Why is Chuck Berry often considered the most important of the early Rock and Rollers?
“If you tried to give Rock and Roll another name, you might call it 'Chuck Berry.'”
-- John Lennon
Chuck Berry burst onto the Rock and Roll scene in 1955 with the release of “Maybellene” on Chess Records. It shot to No. 1 on Billboard’s R&B chart and No. 5 on the Pop chart, establishing Berry as an artist with appeal to black and white audiences alike. By the end of the decade, Berry had released a string of iconic songs – “Roll Over, Beethoven,” “Schools Days,” “Rock and Roll Music,” “Sweet Little Sixteen,” “Johnny B. Goode,” “Back in the U.S.A." – that would be covered by everyone from the Beach Boys to the Grateful Dead. Distinct from Little Richard, Jerry Lee Lewis, and Fats Domino – all piano players – Berry was a guitar player whose guitar was a central component of his recordings. Gone were the horns, central to much R&B, and gone was the piano as focal point. Guitar-based Rock and Roll had its founding father.
In this lesson, students will analyze several of the elements that combined to make Berry such an important and influential artist. They will examine his pioneering guitar riffs, his carefully crafted lyrics that spoke directly to the emerging market of white, middle-class teen listeners, his blend of R&B and Country and Western influences, and his energetic performance style, which helped pave the way for a generation of guitar-playing showmen.
Upon completion of this lesson, students will:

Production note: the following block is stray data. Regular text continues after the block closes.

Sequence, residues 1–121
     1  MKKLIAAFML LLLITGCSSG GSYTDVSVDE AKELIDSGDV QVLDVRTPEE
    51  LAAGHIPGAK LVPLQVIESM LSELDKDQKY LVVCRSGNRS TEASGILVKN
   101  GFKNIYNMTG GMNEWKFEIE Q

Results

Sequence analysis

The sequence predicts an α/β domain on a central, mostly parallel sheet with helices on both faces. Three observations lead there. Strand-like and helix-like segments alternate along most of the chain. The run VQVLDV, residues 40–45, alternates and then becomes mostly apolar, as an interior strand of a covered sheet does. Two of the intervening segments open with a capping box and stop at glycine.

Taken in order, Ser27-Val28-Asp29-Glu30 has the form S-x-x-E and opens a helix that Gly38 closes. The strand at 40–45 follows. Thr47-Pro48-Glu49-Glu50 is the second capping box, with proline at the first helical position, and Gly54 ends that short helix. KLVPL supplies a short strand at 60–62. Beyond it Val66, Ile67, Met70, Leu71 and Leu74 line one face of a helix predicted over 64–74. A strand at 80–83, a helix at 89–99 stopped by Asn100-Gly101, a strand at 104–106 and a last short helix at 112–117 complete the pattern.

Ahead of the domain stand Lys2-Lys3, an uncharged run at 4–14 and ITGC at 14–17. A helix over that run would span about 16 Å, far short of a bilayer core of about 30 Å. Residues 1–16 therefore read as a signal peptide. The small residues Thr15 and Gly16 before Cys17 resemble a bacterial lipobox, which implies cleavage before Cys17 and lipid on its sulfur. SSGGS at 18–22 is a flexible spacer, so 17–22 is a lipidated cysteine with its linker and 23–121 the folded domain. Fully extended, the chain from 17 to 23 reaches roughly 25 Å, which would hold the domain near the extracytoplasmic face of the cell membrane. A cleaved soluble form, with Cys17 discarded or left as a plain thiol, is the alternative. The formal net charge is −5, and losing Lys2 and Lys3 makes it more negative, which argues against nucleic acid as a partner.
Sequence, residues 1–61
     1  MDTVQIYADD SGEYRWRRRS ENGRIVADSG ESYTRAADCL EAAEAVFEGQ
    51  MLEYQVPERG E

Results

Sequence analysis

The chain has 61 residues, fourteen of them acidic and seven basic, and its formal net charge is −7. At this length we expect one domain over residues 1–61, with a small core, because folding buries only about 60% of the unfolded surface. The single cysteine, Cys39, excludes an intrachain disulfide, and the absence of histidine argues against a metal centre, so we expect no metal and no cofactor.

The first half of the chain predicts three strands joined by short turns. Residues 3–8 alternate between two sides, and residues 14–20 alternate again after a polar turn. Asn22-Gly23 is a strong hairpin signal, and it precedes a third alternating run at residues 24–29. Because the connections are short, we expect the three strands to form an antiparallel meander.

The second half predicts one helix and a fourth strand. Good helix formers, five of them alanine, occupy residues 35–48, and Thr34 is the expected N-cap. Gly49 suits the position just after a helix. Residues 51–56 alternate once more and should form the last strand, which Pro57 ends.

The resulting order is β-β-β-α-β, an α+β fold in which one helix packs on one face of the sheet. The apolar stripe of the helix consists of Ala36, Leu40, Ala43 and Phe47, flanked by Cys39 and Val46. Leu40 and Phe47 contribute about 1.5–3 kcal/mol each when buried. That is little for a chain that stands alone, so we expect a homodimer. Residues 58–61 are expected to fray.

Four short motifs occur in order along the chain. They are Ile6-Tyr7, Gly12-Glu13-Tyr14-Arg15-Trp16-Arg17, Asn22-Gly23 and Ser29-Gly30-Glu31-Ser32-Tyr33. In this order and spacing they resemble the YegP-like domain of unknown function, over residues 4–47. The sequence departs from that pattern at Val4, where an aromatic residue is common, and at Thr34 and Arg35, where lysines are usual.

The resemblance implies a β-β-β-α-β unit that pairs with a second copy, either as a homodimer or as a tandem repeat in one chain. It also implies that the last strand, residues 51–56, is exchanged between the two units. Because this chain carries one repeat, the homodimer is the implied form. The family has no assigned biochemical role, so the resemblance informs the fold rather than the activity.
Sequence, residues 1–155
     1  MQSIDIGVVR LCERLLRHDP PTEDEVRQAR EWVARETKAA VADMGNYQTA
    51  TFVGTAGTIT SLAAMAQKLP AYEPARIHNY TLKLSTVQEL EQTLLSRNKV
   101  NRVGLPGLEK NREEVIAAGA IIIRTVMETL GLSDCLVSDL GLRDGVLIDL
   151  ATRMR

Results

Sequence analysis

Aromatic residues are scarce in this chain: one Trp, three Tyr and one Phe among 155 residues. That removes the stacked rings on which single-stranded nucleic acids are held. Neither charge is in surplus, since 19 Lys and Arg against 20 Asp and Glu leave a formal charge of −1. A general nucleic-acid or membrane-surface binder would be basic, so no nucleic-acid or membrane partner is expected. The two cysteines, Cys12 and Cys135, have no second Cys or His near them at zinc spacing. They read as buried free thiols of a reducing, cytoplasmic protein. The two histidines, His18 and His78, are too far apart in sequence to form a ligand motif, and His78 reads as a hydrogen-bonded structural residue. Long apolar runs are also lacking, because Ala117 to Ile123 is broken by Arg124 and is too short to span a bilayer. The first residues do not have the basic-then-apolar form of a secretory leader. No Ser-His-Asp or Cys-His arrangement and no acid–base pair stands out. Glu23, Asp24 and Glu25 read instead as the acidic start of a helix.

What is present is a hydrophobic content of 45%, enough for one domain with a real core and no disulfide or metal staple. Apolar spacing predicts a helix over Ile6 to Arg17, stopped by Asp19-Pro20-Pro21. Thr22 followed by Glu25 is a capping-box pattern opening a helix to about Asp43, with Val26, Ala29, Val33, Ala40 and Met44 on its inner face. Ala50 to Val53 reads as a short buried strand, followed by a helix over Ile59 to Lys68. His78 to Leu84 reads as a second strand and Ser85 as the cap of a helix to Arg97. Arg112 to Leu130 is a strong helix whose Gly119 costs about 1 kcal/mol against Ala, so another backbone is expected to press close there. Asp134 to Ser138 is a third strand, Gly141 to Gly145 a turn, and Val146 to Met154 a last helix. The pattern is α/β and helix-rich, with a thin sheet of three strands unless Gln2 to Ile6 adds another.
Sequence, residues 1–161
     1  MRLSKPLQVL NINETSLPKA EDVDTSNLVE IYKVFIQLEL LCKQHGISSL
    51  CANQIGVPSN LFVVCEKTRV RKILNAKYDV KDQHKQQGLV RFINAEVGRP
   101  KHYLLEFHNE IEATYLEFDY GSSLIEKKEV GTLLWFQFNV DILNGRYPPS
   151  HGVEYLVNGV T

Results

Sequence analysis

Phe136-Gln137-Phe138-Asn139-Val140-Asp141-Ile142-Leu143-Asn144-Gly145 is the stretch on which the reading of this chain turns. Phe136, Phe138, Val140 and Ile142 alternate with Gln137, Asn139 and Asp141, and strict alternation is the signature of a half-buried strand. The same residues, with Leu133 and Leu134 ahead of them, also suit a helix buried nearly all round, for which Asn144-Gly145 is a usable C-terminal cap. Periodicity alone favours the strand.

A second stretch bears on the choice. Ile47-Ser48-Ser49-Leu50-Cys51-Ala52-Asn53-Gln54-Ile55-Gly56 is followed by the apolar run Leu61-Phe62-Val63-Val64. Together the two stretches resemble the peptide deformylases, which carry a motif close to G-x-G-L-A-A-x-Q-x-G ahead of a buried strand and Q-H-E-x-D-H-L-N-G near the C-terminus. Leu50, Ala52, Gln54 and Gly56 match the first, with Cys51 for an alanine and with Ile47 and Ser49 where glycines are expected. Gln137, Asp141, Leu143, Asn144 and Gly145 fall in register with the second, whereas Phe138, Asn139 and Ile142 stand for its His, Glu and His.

"There's only one true king of Rock and Roll. His name is Chuck Berry."
-- Stevie Wonder
"If you tried to give Rock and Roll another name, you might call it 'Chuck Berry.'"
-- John Lennon
"There's not a lot of other ways to play Rock and Roll other than the way Chuck plays it; he's really laid the law down."
-- Eric Clapton
"Chuck Berry is the greatest of the rock and rollers."
-- Music critic Robert Christgau
College and Career Readiness Reading Anchor Standards for Grades 6-12 for Literature and Informational Text
College and Career Readiness Writing Anchor Standards for Grades 6-12 in English Language Arts and Literacy in History/Social Studies, Science and Technical Subjects
Writing 5: Develop and strengthen writing as needed by planning, revising, editing, rewriting, or trying a new approach.
Writing 8: Gather relevant information from multiple print and digital sources, assess the credibility and accuracy of each source, and integrate the information while avoiding plagiarism.
College and Career Readiness Anchor Standards for Speaking and Listening for Grades 6-12
Speaking and Listening 5: Make strategic use of digital media and visual displays of data to express information and enhance understanding of presentations.
College and Career Readiness Anchor Standards for Language for Grades 6-12
Core Music Standard: Responding
Select: Choose music appropriate for a specific purpose or context.
Analyze: Analyze how the structure and context of varied musical works inform the response.
Interpret: Support interpretations of musical works that reflect creators' and/or performers' expressive intent.
Evaluate: Support evaluations of musical works and performances based on analysis, interpretation, and established criteria.
Core Music Standard: Connecting
Connecting 11: Relate musical ideas and works to varied contexts and daily life to deepen understanding.